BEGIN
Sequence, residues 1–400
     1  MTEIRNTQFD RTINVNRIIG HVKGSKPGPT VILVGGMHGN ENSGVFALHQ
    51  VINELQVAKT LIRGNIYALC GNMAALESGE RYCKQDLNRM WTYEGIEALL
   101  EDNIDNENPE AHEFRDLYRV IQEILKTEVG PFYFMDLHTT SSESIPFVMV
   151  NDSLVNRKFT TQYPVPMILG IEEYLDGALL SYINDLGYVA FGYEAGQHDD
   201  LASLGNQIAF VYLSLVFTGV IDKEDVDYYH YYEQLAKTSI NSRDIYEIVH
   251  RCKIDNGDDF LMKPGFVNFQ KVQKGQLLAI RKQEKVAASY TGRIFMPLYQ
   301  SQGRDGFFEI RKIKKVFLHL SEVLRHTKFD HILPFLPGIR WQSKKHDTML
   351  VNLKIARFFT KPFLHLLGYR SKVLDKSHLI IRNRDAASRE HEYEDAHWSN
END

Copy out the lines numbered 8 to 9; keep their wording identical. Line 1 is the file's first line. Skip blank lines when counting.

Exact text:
   301  SQGRDGFFEI RKIKKVFLHL SEVLRHTKFD HILPFLPGIR WQSKKHDTML
   351  VNLKIARFFT KPFLHLLGYR SKVLDKSHLI IRNRDAASRE HEYEDAHWSN